Samir’s Selection 06/17/2017 (p.m.)

  • you have to realize that politicians like Mr. Sanders and Mr. Corbyn have carried the left-wing torch in a sort of long-distance relay, skipping generations of centrists like Bill Clinton and Tony Blair, to hand it to today’s under-35s. And you have to understand why young people are so ready to grab that torch and run with it.

    Both Britain and the United States used to have parties that at least pledged allegiance to workers. Since the 1970s, and accelerating in the ’80s and ’90s, the left-wing planks have one by one been ripped from their platforms. Under Mr. Blair, Labour rewrote its famous Clause IV, which had committed the party to the goal of “common ownership of the means of production, distribution and exchange.” Under Mr. Clinton, the Democratic Party cut welfare programs and pushed anti-worker international trade deals. Writing in 1990, Kevin Phillips, a former strategist for Richard Nixon, called the Democrats “history’s second-most enthusiastic capitalist party.” Elsewhere in Europe, traditional socialist parties became sclerotic and increasingly business-friendly.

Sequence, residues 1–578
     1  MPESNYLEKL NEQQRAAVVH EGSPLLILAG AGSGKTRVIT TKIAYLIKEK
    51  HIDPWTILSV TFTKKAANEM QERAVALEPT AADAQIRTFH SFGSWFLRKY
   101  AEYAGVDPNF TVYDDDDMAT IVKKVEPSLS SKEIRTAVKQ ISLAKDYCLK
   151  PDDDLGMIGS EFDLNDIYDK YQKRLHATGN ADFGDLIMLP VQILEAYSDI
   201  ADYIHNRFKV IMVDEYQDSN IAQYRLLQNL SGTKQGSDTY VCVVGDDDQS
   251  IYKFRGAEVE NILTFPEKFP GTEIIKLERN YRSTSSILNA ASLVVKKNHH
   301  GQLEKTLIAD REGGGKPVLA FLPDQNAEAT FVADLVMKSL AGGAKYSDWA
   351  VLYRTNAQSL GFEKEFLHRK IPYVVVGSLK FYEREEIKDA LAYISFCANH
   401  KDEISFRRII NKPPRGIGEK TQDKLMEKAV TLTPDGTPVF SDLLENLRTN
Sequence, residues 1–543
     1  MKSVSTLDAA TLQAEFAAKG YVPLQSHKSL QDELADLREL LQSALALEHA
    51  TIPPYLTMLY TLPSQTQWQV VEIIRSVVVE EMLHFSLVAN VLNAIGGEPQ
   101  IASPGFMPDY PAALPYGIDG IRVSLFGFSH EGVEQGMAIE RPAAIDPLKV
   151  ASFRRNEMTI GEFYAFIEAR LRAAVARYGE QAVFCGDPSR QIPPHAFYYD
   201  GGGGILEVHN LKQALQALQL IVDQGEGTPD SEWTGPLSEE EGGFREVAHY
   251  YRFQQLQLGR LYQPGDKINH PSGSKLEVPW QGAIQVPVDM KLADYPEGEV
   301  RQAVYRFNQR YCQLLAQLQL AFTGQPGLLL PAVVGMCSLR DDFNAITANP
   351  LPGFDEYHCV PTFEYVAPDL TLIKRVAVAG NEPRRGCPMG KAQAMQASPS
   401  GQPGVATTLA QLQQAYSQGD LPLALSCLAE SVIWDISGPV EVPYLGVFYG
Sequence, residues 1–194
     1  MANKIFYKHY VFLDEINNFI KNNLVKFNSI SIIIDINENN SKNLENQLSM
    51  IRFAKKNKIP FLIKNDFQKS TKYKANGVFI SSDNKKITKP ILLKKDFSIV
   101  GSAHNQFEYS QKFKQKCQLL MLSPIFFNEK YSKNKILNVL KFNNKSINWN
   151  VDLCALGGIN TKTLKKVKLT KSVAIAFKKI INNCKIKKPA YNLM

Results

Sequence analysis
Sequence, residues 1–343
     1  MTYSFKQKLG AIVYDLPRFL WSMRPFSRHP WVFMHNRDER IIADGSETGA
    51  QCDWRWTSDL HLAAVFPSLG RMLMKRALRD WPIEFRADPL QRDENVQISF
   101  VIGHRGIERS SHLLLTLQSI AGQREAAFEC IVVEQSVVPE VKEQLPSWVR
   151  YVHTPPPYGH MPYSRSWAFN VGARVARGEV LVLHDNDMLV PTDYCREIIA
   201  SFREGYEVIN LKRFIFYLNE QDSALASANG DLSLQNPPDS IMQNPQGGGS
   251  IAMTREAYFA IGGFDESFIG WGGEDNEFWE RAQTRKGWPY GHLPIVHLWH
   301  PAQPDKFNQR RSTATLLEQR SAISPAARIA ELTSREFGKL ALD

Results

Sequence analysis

All of this left many voters with a sense that there is no left-wing party devoted to protecting the interests of the poor, the working class and the young…

    people my age — I’m 29 — are more in need of a robust leftist platform than ever. The post-Cold War capitalist order has failed us: Across Europe and the United States, millennials are worse off than their parents were and are too poor to start new families. In the United States, they are loaded with college debt (or far less likely to be employed without a college degree) and are engaged in precarious and non-unionized labor. Also the earth is melting…

    At the ballot box, our options have been relatively limited. Clinton- and Blair-era liberals have hobbled their parties’ abilities to confront the ills of capitalism. But while left-of-center parties ran into the waiting arms of bankers, Mr. Sanders and Mr. Corbyn held fast to left-wing politics…

    tags: politics polarisation wealth inequality disillusionment youth JeremyCorbyn BernieSanders socialism UK USpolitics

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